Depth First Search and Location Based Localized Routing and QoS Routing in Wireless Networks
AbstractIn a localized routing algorithm, node A currently holding the message forwards it based on the location of itself, its neighboring nodes and destination. We propose to use depth first search (DFS) method for routing decisions. Each node A, upon receiving the message for the first time, sorts all its neighbors according to a criterion, such as their distance to destination, and uses that order in DFS algorithm. It is the first localized algorithm that guarantees delivery for (connected) wireless networks modeled by arbitrary graphs, including inaccurate location information. We then propose the first localized QoS routing algorithm for wireless networks. It performs DFS routing algorithm after edges with insufficient bandwidth or insufficient connection time are deleted from the graph, and attempts to minimize hop count. This is also the first paper to apply GPS in QoS routing decisions, and to consider the connection time (estimated lifetime of a link) as a QoS criterion. The average length of measured QoS path in our experiments, obtained by DFS method, was between 1 and 1.34 times longer than the length of QoS path obtained by shortest path algorithm. The overhead is considerably reduced by applying the concept of internal nodes.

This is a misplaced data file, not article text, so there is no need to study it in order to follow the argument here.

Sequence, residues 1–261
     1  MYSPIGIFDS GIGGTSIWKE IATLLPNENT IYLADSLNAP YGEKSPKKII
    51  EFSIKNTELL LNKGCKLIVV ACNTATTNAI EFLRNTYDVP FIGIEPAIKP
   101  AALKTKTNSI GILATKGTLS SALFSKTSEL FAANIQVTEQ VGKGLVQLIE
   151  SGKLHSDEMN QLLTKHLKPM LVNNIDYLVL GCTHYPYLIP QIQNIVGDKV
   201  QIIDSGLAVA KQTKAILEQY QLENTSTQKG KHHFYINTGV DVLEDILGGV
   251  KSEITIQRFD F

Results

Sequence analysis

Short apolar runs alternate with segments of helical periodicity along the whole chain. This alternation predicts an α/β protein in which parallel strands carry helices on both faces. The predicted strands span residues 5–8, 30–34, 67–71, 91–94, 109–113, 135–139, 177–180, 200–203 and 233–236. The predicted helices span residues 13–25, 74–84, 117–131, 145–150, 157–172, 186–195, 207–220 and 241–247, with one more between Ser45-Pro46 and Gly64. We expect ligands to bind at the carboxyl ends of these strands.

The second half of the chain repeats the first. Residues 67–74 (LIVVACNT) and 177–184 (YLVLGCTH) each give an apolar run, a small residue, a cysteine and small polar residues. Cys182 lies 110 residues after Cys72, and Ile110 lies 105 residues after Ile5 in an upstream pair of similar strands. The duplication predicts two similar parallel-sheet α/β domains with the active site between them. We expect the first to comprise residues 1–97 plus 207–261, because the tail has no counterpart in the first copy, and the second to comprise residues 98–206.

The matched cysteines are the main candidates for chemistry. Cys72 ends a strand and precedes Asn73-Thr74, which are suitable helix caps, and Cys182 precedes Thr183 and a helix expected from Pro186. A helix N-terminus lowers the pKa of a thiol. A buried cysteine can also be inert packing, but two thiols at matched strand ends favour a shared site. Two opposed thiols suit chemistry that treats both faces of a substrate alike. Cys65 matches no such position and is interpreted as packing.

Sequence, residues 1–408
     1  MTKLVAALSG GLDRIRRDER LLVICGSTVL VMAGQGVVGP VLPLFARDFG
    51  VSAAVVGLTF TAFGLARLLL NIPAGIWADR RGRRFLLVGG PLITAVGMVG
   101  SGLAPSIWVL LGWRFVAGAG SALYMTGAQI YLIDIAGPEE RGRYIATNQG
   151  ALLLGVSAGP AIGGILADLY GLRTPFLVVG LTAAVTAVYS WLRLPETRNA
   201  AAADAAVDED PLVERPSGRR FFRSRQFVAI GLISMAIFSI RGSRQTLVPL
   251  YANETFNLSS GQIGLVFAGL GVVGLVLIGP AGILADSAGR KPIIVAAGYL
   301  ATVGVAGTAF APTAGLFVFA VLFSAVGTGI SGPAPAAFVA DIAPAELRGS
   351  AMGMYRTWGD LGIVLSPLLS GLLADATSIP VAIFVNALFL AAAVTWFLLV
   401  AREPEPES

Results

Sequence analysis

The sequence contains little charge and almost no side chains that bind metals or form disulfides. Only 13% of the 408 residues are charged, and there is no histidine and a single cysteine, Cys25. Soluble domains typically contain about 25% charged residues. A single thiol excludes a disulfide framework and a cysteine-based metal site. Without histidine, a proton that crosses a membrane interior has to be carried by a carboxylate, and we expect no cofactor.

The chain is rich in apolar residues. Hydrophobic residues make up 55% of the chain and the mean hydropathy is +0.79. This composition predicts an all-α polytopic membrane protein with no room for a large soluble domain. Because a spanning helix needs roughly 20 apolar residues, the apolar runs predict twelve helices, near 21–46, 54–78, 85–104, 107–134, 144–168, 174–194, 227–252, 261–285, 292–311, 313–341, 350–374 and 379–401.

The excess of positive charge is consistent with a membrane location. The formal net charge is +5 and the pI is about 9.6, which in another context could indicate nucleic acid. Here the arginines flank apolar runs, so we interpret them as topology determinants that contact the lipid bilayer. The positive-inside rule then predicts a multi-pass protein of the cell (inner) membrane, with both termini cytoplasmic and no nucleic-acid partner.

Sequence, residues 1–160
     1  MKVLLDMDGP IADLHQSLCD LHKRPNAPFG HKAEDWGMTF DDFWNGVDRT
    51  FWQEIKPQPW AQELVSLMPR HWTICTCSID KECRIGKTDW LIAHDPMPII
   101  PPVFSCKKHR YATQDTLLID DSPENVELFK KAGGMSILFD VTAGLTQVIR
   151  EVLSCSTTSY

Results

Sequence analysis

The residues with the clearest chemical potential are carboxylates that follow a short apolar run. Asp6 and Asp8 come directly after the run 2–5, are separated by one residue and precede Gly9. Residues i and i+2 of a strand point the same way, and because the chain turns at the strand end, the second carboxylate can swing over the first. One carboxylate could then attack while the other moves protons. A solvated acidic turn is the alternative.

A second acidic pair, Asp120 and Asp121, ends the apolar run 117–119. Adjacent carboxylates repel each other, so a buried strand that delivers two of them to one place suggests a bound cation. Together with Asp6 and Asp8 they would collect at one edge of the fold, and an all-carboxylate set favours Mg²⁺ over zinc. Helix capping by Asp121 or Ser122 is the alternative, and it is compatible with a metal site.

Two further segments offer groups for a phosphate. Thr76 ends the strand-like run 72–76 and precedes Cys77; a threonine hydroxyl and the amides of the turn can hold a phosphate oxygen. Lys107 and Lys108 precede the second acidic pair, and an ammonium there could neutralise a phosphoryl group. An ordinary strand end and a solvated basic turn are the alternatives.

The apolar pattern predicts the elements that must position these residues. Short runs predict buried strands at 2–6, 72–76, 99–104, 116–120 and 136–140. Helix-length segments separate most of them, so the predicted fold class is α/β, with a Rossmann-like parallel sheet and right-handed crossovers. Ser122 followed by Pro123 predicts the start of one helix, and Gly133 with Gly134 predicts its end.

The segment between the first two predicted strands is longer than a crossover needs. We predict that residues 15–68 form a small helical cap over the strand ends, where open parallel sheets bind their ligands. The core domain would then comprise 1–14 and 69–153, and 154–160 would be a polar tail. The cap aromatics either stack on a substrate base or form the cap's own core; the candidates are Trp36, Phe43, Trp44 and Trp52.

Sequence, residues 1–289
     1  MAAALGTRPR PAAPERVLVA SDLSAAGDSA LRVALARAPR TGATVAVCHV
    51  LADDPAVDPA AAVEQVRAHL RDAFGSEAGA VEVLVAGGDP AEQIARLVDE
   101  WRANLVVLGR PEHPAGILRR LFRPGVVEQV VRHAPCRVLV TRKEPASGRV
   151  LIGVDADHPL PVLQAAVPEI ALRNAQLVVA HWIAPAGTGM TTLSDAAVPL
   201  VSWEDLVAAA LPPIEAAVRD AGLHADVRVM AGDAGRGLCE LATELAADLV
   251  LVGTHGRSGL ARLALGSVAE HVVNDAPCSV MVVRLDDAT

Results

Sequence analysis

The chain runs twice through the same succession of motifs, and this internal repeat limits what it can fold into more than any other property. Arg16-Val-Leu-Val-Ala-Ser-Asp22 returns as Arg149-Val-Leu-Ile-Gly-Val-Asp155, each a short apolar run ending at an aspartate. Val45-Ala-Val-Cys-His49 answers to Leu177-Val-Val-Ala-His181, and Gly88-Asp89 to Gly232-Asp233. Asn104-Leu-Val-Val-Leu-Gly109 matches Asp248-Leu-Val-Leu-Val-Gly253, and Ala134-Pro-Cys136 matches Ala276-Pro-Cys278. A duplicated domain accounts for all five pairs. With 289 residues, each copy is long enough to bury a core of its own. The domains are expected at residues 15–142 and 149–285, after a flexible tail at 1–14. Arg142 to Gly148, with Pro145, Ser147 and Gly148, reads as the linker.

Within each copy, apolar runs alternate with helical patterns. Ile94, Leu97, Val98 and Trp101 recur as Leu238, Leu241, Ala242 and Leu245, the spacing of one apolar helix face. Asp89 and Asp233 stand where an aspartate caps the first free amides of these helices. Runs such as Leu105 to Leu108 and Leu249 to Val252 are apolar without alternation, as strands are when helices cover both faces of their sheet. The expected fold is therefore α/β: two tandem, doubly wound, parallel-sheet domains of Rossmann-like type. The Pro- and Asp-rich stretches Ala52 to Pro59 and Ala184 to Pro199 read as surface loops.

Download data is not yet available.
How to Cite
Stojmenovic, I., Russell, M., & Vukojevic, B. (2012). Depth First Search and Location Based Localized Routing and QoS Routing in Wireless Networks. COMPUTING AND INFORMATICS, 21(2), 149–165. Retrieved from https://www.cai.sk/ojs/index.php/cai/article/view/502